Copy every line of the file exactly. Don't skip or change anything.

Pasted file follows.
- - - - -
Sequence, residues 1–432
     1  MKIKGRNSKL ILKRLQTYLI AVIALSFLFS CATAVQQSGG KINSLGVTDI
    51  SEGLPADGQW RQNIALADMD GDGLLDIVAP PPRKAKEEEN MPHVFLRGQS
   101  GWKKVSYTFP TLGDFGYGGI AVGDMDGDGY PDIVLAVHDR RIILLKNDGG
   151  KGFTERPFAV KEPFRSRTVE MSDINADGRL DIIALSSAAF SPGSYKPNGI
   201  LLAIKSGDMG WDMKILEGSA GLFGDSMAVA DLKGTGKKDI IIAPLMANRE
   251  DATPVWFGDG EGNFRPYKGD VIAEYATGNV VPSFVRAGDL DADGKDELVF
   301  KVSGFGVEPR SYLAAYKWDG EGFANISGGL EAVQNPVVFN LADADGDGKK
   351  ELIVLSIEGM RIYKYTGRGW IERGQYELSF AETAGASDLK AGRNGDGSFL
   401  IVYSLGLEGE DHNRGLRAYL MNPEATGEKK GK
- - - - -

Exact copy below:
Sequence, residues 1–432
     1  MKIKGRNSKL ILKRLQTYLI AVIALSFLFS CATAVQQSGG KINSLGVTDI
    51  SEGLPADGQW RQNIALADMD GDGLLDIVAP PPRKAKEEEN MPHVFLRGQS
   101  GWKKVSYTFP TLGDFGYGGI AVGDMDGDGY PDIVLAVHDR RIILLKNDGG
   151  KGFTERPFAV KEPFRSRTVE MSDINADGRL DIIALSSAAF SPGSYKPNGI
   201  LLAIKSGDMG WDMKILEGSA GLFGDSMAVA DLKGTGKKDI IIAPLMANRE
   251  DATPVWFGDG EGNFRPYKGD VIAEYATGNV VPSFVRAGDL DADGKDELVF
   301  KVSGFGVEPR SYLAAYKWDG EGFANISGGL EAVQNPVVFN LADADGDGKK
   351  ELIVLSIEGM RIYKYTGRGW IERGQYELSF AETAGASDLK AGRNGDGSFL
   401  IVYSLGLEGE DHNRGLRAYL MNPEATGEKK GK